LeBron James and Cleveland may have sunk the Splash Brothers.
But don’t be surprised if Golden State’s collapse in the NBA Finals sends ripples around the NBA.
And don’t be shocked if the stars don’t align when it comes to seeing your favorite visiting players when their teams come to Portland.
Golden State became the first team to lose the NBA Finals after being up 3-1 in the best of seven series.
You can credit the transcendent play of James and Kyrie Irving. You can blame the controversial suspension of Warriors difference-maker Draymond Green for Game 5.
But the main reason Golden State lost? Fatigue.
In the playoffs, Golden State wasn’t the same team that won a record 73 games in the regular season.
Injuries hobbled Green, Stephen Curry and Andrew Bogut throughout the postseason.
A regular-season team that played at a dizzying rate of 99.2 possessions per 48 minutes saw its pace decline each playoff round. In the Finals, Golden State only averaged 92.0 possessions.
There were too many early jumpers. Too many careless fouls.
So it’s fair to ask whether Golden State should have rested its star players more during the regular season.
It’s a strategy used most notably by San Antonio coach Gregg Popovich.
Giving key players games off hasn’t earned Popovich any friends in the league office. NBA Commissioner Adam Silver is rightly concerned that the league’s product is diminished when the best players take rest days.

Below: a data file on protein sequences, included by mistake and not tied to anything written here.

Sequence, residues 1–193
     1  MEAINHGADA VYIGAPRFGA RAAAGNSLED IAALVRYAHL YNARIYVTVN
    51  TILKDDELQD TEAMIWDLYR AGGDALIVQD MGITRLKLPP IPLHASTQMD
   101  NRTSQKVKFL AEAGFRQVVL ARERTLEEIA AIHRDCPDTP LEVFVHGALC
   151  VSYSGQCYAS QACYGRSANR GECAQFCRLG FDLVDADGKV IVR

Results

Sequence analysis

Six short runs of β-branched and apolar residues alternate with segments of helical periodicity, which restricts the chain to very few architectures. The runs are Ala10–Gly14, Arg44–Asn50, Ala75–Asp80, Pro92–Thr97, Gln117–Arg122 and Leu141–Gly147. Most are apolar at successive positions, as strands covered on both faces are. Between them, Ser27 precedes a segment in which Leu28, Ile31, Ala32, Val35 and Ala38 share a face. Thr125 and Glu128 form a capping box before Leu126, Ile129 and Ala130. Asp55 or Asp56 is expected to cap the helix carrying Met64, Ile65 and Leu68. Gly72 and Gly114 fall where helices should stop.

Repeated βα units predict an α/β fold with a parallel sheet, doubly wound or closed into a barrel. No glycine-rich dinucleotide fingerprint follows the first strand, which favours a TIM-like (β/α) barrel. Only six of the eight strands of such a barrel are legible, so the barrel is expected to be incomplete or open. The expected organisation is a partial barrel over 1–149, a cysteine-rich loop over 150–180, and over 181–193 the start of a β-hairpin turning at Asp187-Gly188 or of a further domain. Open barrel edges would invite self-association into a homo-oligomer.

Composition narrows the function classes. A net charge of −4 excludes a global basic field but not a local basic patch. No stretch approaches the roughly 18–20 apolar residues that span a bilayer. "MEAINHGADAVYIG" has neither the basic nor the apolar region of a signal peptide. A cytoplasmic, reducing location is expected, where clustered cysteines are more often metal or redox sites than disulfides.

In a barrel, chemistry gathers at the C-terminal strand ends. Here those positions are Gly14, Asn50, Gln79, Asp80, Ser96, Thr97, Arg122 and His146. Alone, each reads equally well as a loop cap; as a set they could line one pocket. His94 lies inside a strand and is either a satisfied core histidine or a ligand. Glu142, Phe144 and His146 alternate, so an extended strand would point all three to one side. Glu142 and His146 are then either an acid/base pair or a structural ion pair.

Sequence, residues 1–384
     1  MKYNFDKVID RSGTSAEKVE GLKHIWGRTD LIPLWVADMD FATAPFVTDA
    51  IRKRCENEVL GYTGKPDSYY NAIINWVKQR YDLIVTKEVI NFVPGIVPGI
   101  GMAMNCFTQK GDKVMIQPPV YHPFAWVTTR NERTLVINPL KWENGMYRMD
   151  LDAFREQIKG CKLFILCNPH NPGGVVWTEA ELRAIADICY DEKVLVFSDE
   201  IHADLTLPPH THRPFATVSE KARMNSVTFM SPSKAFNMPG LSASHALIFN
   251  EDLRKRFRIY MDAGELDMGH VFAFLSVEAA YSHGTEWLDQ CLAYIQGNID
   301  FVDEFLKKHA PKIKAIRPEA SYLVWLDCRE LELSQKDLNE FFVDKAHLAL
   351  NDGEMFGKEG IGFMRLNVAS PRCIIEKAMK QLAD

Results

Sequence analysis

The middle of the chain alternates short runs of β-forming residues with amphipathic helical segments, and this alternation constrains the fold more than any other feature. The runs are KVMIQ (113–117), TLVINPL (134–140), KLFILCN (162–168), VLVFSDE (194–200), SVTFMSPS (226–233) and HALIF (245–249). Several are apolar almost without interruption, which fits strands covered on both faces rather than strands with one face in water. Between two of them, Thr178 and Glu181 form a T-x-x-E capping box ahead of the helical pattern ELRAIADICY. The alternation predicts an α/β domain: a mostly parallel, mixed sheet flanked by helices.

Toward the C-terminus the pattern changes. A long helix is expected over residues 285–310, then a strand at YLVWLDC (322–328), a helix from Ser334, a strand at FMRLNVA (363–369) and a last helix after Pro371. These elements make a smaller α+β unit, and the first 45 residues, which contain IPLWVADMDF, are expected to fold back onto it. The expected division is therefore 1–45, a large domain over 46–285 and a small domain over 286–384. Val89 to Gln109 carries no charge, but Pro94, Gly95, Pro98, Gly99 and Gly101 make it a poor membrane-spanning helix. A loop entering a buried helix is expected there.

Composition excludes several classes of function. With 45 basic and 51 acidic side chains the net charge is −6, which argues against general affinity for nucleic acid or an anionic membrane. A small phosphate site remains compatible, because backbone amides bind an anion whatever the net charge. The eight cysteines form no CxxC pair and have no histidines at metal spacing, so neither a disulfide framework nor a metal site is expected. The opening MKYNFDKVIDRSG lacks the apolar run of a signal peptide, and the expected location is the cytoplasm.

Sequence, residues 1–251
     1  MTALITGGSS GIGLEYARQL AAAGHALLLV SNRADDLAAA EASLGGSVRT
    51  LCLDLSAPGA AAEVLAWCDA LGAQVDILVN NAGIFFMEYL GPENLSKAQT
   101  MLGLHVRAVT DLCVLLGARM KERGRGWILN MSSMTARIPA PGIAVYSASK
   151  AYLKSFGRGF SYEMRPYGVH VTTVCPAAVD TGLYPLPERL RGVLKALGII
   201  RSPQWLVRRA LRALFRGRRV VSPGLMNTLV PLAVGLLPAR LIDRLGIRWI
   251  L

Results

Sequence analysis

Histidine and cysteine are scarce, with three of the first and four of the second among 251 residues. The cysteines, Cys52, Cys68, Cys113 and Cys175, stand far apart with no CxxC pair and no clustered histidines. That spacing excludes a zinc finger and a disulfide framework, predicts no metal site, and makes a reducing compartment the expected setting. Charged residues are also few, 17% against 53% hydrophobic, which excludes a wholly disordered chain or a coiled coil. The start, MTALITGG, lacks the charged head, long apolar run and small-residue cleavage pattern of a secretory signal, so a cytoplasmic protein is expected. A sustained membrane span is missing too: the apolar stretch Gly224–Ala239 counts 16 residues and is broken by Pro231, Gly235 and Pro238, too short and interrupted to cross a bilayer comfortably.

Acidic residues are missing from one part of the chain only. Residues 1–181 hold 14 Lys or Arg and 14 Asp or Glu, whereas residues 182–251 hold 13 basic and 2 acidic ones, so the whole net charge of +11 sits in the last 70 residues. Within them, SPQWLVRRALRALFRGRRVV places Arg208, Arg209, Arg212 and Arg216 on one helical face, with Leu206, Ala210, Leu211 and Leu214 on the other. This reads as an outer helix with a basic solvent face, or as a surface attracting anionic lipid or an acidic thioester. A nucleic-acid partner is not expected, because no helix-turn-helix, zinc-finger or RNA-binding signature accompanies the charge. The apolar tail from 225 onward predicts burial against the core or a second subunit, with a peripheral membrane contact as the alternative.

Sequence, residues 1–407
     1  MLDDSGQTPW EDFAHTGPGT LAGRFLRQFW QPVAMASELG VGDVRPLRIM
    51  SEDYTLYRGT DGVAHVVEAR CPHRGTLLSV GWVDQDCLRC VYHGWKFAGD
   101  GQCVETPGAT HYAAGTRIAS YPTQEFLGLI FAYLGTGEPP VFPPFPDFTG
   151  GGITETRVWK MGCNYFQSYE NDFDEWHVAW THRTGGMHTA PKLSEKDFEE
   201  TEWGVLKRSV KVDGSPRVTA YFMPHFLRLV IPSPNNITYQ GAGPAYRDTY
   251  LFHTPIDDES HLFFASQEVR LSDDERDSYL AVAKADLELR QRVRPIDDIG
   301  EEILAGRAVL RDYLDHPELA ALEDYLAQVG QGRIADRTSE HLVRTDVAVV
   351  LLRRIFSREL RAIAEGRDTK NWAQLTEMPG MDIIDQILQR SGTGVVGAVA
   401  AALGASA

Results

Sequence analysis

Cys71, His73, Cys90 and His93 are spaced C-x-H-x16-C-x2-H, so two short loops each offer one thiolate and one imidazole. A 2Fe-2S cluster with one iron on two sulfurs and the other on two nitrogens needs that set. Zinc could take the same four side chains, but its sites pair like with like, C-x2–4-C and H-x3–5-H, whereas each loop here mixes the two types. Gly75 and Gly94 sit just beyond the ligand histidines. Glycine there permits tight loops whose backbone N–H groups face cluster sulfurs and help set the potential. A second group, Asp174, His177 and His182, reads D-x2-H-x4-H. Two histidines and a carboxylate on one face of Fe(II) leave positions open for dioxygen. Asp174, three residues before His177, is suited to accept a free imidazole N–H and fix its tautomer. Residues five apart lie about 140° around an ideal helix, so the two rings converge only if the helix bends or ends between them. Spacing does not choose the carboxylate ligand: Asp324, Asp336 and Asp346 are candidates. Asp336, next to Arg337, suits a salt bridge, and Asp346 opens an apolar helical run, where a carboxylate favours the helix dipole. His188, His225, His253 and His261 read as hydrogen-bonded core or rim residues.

“I am concerned more from a fan standpoint,” Silver said in April. “I certainly get lots of emails and have discussions with fans, especially ones who may have a one-time opportunity or once-in-a-season opportunity to see a particular player and then that player rests. I don’t have an easy answer to that.”
Out of all professional sports seasons, the NBA’s might be the most brutal. A road trip that hits four cities in six nights is arguably more taxing than a long Major League Baseball road trip, which typically stops in three cities over 10 days.
And don’t expect calls to shorted the NBA’s 82-game regular season to get any traction. Fewer games means fewer dollars for the owners.
Granted, Golden State’s regular season was more taxing physically and mentally than any other team’s.
Following a short offseason after winning the 2015 Finals, the Warriors opened with a record 24-0 start. Immediately, players were being peppered with questions about making history.
That pressure continued throughout the year. Instead of coasting toward the playoffs, Golden State went after Chicago’s record of 72 wins.
The Warriors got the record, but joined the 2001 Seattle Mariners in showing that a successful regular season doesn’t mean a thing if you don’t get that championship ring.
And with Golden State’s playoff collapse fresh in mind, don’t be surprised if more teams err on the side of resting their stars.
Micah Rice is The Columbian’s Sports Editor. Reach him at 360-735-4548, firstname.lastname@example.org or on Twitter @col_mrice.